This phenomenon, sometimes called the “endless aisle,” meets the needs of consumers who aren’t really ready to shop indoors. “Customers expect to get in and out of the store as quickly as possible, minimizing time spent browsing the aisles on their way to pick up an order. In-store technology helps bridge the gap between online and in-store sales, providing store associates with access to enhanced inventory visibility and product information.” 70% of respondents say customers are more satisfied with an in-person shopping experience when digital enhancements expand one store to include the inventory of many.
4. Location data is valuable.
Another surprising artifact of the pandemic is a move towards more local marketing operations. It turns out that when people spend more time at home, they tend to think more about their local supply chain. According to Forrester Research, “consumers are gravitating to values-based organizations and paying closer attention to where and how products are manufactured. As a result, CMOs at global brands must pivot to ‘multi-local operations’ that support more local marketing approaches.”
It also turns out that local marketing requires greater attention to digital profiles on a country-by-country, market-by-market basis than many retailers are used to. A one-size-fits-all corporate brand may not resonate anymore. As customers grow accustomed to more relevant and personalized marketing campaigns, marketers need more and different data to understand what’s happening to sales at the local level.
The number of merchants who say they now track online-to-store conversion rates, for example, jumped from 7% to 34% YOY, and 40% say they’re now monitoring reviews and comments about their company on social media channels.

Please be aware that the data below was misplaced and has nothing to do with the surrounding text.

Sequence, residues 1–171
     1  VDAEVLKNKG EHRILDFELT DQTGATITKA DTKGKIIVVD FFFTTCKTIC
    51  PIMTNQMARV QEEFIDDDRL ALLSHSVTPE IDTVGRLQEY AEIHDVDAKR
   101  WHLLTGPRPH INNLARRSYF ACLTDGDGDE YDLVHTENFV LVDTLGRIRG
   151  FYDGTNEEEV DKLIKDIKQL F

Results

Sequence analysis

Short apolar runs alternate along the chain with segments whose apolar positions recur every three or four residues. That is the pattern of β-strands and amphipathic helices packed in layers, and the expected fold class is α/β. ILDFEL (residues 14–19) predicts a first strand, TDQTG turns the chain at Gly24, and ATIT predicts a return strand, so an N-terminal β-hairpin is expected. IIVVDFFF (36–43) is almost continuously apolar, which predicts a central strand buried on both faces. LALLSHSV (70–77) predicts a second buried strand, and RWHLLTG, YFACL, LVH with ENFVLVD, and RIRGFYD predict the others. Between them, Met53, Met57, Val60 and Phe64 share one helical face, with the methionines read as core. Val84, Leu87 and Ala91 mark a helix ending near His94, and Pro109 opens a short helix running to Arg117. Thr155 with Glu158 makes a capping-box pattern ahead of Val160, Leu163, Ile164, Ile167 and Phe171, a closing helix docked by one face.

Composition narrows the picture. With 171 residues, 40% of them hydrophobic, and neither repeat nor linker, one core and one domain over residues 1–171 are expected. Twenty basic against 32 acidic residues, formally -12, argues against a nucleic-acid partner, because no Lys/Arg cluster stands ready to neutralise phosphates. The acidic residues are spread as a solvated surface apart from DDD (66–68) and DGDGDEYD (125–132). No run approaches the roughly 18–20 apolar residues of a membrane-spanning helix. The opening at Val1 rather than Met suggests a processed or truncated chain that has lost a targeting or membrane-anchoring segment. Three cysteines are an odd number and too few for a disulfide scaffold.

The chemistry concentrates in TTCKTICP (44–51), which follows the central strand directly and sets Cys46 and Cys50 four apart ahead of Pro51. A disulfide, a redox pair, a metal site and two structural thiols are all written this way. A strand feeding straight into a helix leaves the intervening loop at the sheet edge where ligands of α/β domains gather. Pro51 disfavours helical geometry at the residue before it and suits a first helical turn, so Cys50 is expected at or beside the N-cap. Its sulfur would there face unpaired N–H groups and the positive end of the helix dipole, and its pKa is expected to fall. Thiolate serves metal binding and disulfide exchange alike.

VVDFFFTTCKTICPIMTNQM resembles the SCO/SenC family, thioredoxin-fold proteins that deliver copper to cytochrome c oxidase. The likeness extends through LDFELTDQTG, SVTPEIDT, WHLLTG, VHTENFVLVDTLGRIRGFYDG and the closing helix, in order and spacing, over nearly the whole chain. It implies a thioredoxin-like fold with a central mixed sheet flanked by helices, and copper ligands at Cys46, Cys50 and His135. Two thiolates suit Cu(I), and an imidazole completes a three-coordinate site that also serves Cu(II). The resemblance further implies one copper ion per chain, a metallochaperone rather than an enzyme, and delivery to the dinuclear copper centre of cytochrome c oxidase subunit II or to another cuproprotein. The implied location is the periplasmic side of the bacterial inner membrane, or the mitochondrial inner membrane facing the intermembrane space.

5. Even digital brands can be local.
Direct-to-consumer (DTC) brands like Warby Parker, Bonobos, and Casper Mattresses have been market testing brick-and-mortar stores for a while. When online brands open a physical store, they’re usually trying to increase brand awareness in densely populated target markets, or “show-rooming,” which involves creating a branded environment for people to see and feel goods they can’t touch on a website.
Innovative DTC brand The Grove Collaborative recently announced a new partnership with traditional retailer Target to sell its popular non-toxic, sustainable cleaning products. The co-marketing agreement gives one partner the ability to showcase its packaging and get goods directly into the hands of new customers. Meanwhile, the other partner gets exclusive rights to a desirable product line that appeals to a specific type of high-value consumer.
Local distribution partnerships like this one are an effective way for online brands to build customer loyalty and reduce acquisition costs by creating an additional marketing channel in high-traffic, high-density locations.
How CURA Resource Group Can Help
The pandemic changed everything we thought we knew about how buyers and sellers prefer to interact with each other, just as it fundamentally changed our definitions of “shopping” and “stores.”
In essence, there are no more stand-alone physical store locations. Every store is connected to every other store, every store is connected to every website and mobile device, and every consumer touchpoint is an opportunity to shop, purchase, exchange, or return goods.
CURA Resource Group is in the business of helping merchants fulfill customer orders. We build high-volume local sales centers that are safe, welcoming, and highly visible, which helps our clients build local brand awareness and establish a strong community presence.
We’re experts in staffing, operating, and promoting innovative fulfillment facilities where leading brands can “think global, but act local.” And we offer proprietary custom software for buy-online-pickup-in-store or pickup-at-curbside.
Contact us today to discuss a cost-effective local fulfillment strategy that will get you closer to your customers and make product access a positive experience.